AbstractThis course is designed to introduce undergraduates to some of the history, cultures, and dramatic changes experienced by the indigenous populations of North America as a result of European settlement and American conquest. Using a sociological approach, the course explores the social, political, economic and cultural challenges facing contemporary...
- Subject Area(s):
- Racial and Ethnic Relations
- Resource Type(s):
- Class Level(s):
- College 300
- Class Size(s):
Usage NotesAlthough not ideal, this course is likely to be taught by an Anglo (white) instructor. For this reason, among others, the assigned readings are chosen not only for their scholarly value, but also because they are authored by Indigenous scholars whose points of view and interests are rooted in identity and experience. To be honest, one of several...
Learning Goals and Assessments
- Compare past and present social issues (health, education, economic, environmental, etc.) faced by diverse indigenous groups in the United States.
- Explain how the experiences of indigenous people of North America differ from those of the colonizing and immigrant peoples and how some Native Americans perceive those experiences.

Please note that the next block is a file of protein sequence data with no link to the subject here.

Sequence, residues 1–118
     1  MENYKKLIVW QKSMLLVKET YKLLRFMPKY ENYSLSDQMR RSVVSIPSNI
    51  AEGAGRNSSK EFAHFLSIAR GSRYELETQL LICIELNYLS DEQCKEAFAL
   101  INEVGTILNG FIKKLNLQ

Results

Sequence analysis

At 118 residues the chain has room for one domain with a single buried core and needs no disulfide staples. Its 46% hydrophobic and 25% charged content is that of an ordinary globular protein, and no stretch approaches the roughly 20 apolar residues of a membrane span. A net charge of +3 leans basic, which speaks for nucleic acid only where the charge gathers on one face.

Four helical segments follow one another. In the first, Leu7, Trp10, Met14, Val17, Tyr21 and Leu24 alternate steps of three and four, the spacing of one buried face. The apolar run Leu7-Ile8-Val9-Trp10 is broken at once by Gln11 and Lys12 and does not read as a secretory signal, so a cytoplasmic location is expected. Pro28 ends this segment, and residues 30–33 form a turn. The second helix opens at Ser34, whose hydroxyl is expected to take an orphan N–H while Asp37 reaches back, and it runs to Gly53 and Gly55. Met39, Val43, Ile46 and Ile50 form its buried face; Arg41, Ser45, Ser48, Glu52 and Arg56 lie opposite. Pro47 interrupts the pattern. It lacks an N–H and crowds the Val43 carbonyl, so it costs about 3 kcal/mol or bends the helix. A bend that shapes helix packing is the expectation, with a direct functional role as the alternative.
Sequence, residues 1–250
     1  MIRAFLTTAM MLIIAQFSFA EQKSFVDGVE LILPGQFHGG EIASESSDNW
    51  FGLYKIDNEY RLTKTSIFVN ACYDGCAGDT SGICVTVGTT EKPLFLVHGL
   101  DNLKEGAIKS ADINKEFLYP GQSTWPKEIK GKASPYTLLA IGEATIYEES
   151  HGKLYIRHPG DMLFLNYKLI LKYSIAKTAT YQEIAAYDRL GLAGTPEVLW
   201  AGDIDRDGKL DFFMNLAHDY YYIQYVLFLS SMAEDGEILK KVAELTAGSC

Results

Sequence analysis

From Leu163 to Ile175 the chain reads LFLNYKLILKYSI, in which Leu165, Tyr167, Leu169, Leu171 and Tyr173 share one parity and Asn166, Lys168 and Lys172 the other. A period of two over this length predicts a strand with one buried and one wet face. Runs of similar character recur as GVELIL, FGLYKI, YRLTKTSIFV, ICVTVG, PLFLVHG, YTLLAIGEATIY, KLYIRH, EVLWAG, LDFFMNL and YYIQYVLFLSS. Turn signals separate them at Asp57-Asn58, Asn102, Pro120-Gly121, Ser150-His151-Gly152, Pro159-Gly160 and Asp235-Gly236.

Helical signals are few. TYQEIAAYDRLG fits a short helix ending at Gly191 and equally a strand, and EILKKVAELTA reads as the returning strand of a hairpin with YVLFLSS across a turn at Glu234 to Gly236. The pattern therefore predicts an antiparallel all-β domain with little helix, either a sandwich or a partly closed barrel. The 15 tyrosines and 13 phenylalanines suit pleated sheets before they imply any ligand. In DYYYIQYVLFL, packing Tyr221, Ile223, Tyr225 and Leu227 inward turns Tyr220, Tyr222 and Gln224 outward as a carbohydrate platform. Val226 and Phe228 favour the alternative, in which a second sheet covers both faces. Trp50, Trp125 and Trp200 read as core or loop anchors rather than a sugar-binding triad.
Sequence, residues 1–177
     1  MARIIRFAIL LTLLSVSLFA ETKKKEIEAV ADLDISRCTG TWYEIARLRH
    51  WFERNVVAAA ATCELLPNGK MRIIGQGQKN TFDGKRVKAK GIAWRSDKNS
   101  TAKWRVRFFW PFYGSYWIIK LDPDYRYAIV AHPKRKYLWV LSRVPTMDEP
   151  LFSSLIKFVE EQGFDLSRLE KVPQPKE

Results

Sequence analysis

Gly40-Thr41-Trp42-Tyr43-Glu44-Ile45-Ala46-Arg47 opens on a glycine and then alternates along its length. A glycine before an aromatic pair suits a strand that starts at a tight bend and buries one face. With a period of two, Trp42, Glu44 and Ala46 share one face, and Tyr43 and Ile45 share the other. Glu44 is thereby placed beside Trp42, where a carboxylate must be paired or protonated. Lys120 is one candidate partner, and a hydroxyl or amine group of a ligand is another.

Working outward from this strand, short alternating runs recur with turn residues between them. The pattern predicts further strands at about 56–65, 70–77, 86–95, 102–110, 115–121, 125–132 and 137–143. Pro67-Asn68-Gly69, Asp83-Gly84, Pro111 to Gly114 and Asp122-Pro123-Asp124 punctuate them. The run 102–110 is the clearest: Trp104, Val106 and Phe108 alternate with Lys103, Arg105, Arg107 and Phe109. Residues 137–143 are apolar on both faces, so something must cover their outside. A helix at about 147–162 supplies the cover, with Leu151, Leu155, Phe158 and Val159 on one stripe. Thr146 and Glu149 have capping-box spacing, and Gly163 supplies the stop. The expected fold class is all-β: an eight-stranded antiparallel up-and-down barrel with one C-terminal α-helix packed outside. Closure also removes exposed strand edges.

- Evaluate the basic principles of Federal Indian laws and policies that provide a framework for tribal sovereignty and human rights of indigenous peoples in North America.
- Students are required to read and respond to the emic perspectives of Native American leaders and scholars from a variety of tribal identities (Mohawk, Navajo, Ojibwe, etc.) as they consider the historical and current impact of Federal Indian Policy.
- Assignments explore how students’ preconceived notions about Nat. Amer are shaped by dominant cultural practices. Students critically evaluate the usefulness of applying Eurocentric soc theory to the interpretation of NA struggles for self determination.
- Students will watch documentaries (American Outrage & Homeland), and critically evaluate policies that favor commercial mining, water, and agricultural interests over the rights of NA as articulated in the UN Declaration of Rights of Indigenous Peoples.